Beware the phisher’s revenge
The email, spammed all around, pretends to be from him and says, Dear Online Banking User, You should be heard about such called interned scam, also called phishing – the activity, aimed to stole your personal details. Possibly you already seen letters, asking you to verify your personal bank account details, reactivate it, or to stop illegal payment…
It then goes on to say more information can be found at his website of that of the Australian Federal Police. Of course the links don’t go there, they go to a website that, for IE users, downloads a trojan, which (probably) installs a program to log keystrokes and mail passwords back to the originator.
The phishing email not only seeks to implicate Daniel by delivering a trojan with his name in the email, it also overloads his servers. Since the email spoofs his email as the return address, those emails that do not reach their destination bounce back to his inbox. He says he has had to turn off his email server because of the traffic.
Daniel has been at the forefront of recording and investigating the phishing phenomenon, and has clearly attracted the ire of those involved. He tells me he believes it’s the same people who left a hidden message in a recent phishing email directed at Westpac; the message implied somehow Daniel and Codefish were involved in the scam. Daniel believes he “really managed to nark them.”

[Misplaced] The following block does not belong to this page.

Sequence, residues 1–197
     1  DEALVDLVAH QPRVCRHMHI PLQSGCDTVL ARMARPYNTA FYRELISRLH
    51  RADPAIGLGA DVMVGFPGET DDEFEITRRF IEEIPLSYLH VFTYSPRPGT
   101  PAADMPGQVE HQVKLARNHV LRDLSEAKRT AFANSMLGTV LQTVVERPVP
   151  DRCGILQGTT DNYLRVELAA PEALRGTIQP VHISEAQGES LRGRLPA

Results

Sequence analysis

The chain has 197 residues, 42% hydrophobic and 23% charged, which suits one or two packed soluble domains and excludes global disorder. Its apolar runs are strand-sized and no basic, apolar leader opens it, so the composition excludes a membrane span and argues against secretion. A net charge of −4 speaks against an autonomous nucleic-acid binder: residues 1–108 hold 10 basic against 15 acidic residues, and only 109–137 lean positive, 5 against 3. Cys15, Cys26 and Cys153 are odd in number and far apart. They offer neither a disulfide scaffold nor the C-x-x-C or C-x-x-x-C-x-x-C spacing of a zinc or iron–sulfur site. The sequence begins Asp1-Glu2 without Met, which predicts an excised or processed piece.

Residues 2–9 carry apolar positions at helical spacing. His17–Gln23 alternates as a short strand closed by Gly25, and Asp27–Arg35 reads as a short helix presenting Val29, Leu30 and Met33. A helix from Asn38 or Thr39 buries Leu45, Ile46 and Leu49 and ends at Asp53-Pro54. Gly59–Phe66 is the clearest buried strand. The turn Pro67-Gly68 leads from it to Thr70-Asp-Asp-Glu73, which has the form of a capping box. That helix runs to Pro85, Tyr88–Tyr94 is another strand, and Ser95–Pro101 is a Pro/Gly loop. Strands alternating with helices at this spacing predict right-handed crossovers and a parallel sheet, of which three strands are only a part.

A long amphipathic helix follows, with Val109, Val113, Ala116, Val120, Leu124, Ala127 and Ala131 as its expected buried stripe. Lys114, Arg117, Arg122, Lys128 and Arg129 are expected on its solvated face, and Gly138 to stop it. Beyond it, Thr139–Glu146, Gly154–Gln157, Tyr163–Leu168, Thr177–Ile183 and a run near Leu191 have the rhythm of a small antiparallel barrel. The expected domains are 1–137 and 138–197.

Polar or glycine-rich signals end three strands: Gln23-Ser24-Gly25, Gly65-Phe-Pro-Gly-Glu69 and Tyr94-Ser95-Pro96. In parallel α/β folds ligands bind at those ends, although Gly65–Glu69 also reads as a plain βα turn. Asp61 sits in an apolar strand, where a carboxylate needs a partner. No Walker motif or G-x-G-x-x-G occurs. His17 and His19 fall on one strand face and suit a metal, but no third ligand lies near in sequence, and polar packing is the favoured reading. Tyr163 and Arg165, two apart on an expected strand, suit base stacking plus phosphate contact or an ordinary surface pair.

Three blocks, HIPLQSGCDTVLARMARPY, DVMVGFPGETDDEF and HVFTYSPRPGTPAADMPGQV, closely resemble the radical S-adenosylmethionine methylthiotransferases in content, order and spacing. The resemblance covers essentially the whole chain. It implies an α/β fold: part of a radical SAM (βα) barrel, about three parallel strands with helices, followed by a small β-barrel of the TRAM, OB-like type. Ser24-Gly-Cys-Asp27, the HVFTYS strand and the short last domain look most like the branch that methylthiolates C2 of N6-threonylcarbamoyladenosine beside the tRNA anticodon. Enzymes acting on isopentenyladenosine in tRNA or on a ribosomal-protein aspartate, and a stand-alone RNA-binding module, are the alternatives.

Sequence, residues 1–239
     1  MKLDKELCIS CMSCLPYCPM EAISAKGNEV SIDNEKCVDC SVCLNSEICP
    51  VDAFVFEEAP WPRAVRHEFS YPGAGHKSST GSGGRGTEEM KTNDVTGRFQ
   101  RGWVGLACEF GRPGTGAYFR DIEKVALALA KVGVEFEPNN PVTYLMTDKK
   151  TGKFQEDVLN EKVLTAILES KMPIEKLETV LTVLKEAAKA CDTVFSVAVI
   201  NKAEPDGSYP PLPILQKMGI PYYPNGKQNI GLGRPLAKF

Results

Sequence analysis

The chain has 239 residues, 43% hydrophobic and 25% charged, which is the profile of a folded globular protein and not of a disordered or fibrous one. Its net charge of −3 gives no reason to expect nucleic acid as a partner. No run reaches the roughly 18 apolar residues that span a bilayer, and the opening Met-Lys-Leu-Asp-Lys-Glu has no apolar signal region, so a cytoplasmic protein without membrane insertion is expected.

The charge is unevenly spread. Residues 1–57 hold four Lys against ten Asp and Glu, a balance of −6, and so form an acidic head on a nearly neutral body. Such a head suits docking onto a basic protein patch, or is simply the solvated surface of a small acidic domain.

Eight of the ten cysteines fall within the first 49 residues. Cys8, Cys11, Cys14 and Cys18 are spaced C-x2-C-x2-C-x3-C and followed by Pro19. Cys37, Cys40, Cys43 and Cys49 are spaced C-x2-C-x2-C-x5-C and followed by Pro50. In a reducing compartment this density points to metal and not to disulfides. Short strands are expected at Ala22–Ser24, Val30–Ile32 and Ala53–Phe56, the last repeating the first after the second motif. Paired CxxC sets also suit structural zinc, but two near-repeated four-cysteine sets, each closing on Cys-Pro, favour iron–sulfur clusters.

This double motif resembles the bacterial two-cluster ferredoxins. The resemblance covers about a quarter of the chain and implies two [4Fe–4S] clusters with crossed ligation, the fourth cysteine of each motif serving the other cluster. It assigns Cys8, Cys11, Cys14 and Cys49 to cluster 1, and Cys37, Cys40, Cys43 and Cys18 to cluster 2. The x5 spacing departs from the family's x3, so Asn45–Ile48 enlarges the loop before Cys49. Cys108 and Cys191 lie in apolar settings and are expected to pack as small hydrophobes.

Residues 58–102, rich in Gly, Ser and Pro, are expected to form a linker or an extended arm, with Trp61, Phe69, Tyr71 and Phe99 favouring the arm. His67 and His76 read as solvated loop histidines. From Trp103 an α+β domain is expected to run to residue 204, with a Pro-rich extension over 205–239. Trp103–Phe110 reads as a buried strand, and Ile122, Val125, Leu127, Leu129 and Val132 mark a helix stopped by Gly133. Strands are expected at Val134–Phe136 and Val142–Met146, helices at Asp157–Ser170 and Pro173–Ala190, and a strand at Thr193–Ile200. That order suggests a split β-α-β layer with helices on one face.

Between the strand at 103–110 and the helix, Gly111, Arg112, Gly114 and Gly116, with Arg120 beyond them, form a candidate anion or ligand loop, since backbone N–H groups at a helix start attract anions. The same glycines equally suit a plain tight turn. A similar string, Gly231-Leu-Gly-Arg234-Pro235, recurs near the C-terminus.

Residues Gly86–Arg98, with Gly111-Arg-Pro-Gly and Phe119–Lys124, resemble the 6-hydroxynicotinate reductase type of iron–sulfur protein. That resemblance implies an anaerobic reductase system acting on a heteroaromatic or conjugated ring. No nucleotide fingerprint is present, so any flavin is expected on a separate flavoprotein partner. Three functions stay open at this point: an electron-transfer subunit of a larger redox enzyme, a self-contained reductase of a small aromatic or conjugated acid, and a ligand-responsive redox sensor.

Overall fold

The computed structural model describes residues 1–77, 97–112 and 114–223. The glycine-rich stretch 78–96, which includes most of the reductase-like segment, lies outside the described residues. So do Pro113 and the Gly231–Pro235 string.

This kind of thing shows that one guy like Daniel can make a difference, simply by cataloging phishing attacks, since he’s provoked their authors into what appears to be a somewhat inept attempt at revenge. It’s a shame more people aren’t doing this kind of sleuth work.
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26. March 2004 by jeremy
Categories: Malware | Tags: Australian Federal Police, Computer crimes, Cybercrime, Daniel McNamara, E-mail, E-mail spam, email server, Online Banking User, phishing, social engineering | Comments Off on Beware the phisher’s revenge